assessed in a motion for summary judgment rather than on the eve of trial. See McGovern v. City
of Jersey City, No. 98-5186 JLL, 2008 WL 58820 (D.N.J. Jan. 2, 2008) (plaintiff included in the
final pretrial order new factual allegations to further support its previously asserted First
Amendment retaliation claim, and the court considered these new allegations on the merits in
defendant’s motion for summary judgment; there was no trial date set at the time); Hoagburg v.
Harrah’s Marina Hotel Casino, 585 F. Supp. 1167, 1175 (D.N.J. 1984) (plaintiff asserted
psychological damages in the final pretrial order even though the complaint had not specified
this type of injury, and the court granted summary judgment to defendant on this claim without
the need for any additional discovery). In contrast, here Plaintiff sought to add at the eleventh
hour not merely a new type of remedy or new facts to support a previously asserted theory of
liability but rather an entirely new cause of action raising a new theory of liability, just weeks
before trial was set to begin. The rushed timing of events post-FPO heightened the prejudice to
CCS, especially in light of Plaintiff’s prior notice of the AC’s limitations and Plaintiff’s undue
delay in seeking amendment. When the FPO was entered on January 7, 2015, trial was
scheduled to start on February 2, 2015. Sixteen motions in limine were filed as of January 20,
2015. On January 28, 2015, only five days before trial was scheduled to begin, trial was
rescheduled for February 17, 2015. The next day, Plaintiff filed his Motion to Amend. At this
point, to accommodate Plaintiff’s new § 1983 medical indifference claim, trial would have had to
be adjourned on an already delayed and extended three and a half year case or CCS would have
had to—in less than one month’s time and in addition to preparing its defense on the existing
medical malpractice claim—rush to take additional expert and witness depositions relating to the
new claim and formulate its new defense strategy. Under these circumstances, it was not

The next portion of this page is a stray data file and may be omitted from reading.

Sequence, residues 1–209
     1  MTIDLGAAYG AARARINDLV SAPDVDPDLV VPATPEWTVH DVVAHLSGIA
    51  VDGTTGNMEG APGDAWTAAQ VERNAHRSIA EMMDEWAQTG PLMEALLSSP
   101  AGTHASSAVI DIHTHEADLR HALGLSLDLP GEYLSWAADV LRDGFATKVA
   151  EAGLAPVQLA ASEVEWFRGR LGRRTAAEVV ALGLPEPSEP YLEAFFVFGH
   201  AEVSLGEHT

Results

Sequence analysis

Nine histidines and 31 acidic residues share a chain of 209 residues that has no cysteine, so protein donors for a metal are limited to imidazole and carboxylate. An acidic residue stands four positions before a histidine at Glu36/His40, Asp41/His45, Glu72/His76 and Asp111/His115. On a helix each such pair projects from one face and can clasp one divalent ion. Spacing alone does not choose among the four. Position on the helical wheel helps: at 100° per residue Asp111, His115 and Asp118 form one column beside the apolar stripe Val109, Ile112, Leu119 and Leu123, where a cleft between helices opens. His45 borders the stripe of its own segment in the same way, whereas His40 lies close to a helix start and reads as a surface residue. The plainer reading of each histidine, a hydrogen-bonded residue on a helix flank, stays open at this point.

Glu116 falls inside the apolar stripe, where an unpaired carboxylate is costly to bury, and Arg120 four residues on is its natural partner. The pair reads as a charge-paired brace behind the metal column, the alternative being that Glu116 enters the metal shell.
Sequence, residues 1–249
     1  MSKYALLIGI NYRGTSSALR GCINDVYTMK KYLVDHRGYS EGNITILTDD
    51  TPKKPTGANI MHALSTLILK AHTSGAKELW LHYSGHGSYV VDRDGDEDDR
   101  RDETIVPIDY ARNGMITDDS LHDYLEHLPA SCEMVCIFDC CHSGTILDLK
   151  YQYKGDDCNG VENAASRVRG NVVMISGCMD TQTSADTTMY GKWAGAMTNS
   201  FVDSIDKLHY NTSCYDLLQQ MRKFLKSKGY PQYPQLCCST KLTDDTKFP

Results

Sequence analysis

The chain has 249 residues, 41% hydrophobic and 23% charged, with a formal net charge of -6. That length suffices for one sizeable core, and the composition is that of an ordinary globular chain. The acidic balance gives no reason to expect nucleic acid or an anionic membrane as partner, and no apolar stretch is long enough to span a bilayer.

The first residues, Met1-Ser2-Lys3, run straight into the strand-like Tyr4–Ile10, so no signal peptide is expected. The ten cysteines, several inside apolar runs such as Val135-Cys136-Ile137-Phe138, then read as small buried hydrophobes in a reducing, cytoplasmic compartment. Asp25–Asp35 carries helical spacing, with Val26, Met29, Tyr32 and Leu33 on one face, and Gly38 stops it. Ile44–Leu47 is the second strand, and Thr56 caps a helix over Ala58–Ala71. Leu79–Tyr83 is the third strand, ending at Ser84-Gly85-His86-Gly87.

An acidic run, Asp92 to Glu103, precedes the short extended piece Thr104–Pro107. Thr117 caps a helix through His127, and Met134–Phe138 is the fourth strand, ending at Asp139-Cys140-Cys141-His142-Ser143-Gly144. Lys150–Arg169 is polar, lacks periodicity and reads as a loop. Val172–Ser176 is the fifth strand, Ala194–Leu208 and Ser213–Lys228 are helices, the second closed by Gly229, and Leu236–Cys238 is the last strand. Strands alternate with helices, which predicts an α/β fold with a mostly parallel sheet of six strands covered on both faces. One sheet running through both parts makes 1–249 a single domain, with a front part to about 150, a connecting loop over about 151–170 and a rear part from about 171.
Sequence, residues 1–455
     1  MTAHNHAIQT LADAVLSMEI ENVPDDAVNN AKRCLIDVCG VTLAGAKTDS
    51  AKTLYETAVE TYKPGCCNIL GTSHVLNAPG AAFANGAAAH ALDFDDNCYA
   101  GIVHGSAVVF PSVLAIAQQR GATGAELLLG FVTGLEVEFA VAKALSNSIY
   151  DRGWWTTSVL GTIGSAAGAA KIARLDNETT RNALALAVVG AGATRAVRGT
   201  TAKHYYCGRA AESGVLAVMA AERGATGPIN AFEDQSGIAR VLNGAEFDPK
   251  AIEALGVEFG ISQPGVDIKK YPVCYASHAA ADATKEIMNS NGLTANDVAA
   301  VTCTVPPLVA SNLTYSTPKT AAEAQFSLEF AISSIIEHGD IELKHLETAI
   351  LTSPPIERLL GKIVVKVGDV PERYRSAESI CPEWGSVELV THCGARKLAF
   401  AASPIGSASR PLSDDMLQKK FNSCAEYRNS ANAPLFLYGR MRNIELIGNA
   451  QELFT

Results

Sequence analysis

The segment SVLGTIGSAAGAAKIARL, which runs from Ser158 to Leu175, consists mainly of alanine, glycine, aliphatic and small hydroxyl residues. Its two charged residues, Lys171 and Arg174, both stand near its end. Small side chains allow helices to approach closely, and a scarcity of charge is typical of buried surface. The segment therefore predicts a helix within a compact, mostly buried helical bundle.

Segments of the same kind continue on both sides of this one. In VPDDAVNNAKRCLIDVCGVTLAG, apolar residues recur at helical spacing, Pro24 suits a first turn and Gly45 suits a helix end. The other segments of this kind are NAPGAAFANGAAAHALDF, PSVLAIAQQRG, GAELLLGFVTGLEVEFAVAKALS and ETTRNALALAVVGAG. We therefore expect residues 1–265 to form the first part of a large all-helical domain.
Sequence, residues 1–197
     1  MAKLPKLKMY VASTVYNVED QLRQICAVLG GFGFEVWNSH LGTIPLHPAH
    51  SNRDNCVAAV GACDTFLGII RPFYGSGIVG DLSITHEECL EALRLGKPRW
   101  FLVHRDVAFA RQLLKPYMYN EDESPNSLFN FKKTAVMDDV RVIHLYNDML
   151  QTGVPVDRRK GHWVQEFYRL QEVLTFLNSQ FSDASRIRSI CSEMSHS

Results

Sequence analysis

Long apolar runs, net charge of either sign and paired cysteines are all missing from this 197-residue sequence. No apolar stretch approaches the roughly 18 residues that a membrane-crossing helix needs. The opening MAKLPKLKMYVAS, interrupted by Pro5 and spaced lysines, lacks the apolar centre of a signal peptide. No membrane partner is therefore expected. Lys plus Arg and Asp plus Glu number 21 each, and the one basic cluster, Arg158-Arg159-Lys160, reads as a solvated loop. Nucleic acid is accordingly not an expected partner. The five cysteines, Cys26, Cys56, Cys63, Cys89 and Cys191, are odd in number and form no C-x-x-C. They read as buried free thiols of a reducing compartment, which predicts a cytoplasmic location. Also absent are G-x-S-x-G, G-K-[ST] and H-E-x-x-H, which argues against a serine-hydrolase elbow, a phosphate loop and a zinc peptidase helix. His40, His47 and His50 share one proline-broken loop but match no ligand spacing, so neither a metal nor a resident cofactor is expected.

unreasonable for Judge Arpert to depart from the FPO and deny Plaintiff’s last minute attempt to
assert a new § 1983 claim against CCS.
In addition, Plaintiff has waived any argument that the FPO superseded the AC under the
invited error doctrine. This doctrine “refers to an error that a party cannot complain of on appeal
because the party, through conduct, encouraged or prompted the trial court to make the erroneous
ruling.” Lesende v. Borrero, 752 F.3d 324, 337 (3d Cir. 2014) (internal citations and quotation
marks omitted). Here, despite having asserted the claim in the FPO, Plaintiff took the further
step of filing a motion to amend the AC, suggesting that Plaintiff himself did not think the FPO
superseded the pleadings. Moreover, in his brief supporting his motion to amend, nowhere did
Plaintiff mention that the § 1983 claim had been included in the FPO and that the FPO
superseded the AC. Nor did Plaintiff raise this argument or otherwise appeal Judge Arpert’s
order (1) at the hearing conducted by this Court one day after Judge Arpert issued his Order
denying Plaintiff’s motion to amend, (2) in the week before the hearing and trial, or (3) anytime
at trial.18 By filing a motion to amend after the FPO had been entered and failing to mention the
FPO, Plaintiff effectively invited Judge Arpert to commit an error. Then instead of timely
raising the issue, Plaintiff chose to quietly wait until after it was too late to redress. Under these
The only time Judge Arpert’s Order arose was when the Court raised the issue after Plaintiff
had rested its case. Even then however, Plaintiff merely stated the position that the time for
filing an appeal had not yet started, but voiced no intent to appeal and no arguments for appeal.
(Doc. No. 274; see also February 10, 2015 hearing; February 27, 2015 conference at 1:05-1:10
circumstances, the Court finds that Plaintiff waived its argument based on the FPO according to
the invited error doctrine. See, Lesende, 752 F.3d at 337–38; Sands v. Wagner, 314 F. App’x
506, 508–09 (3d Cir. 2009); U.S. v. Console, 13 F.3d 641, 660 (3d Cir. 1993).
Futility of Plaintiff’s proposed amendment
Lastly, in addition to undue delay, prejudice, and waiver, Plaintiff’s proposed amendment
was also futile, as assessed under the Rule 12(b)(6) standard. See Shane v. Fauver, 213 F.3d at
115 (proposed amendments are futile it they “fail to state a claim upon which relief could be
granted,” applying “the same standard of legal sufficiency as applies under Rule 12(b)(6)”);
Keller, 2007 WL 2990714 at *3 (“in determining a motion to amend a complaint, the Court looks
only at the pleadings”). To assert a claim under 42 U.S.C. § 1983, the plaintiff must show that a
person acting under color of state law violated a right protected by the Constitution or laws of the
United States. See Natale v. Camden Cnty. Corr. Facility, 318 F.3d 575, 580–81 (3d Cir. 2003).
The Eighth Amendment protects the right of a convicted prisoner to receive adequate medical
care. See Estelle v. Gamble, 429 U.S. 97, 103–04 (1976). But where, as here, the plaintiff is a
pretrial detainee, the Eighth Amendment does not apply; instead, the plaintiff must plead his
§ 1983 claim under the Due Process Clause of the Fourteenth Amendment. Natale, 318 F.3d at
581 (citing City of Revere v. Mass. Gen. Hosp., 463 U.S. 239, 244 (1983)). However, because
the protections afforded to pretrial detainees under the Fourteenth Amendment are “at least as
great as the Eighth Amendment protections available to a convicted prisoner,” the Third Circuit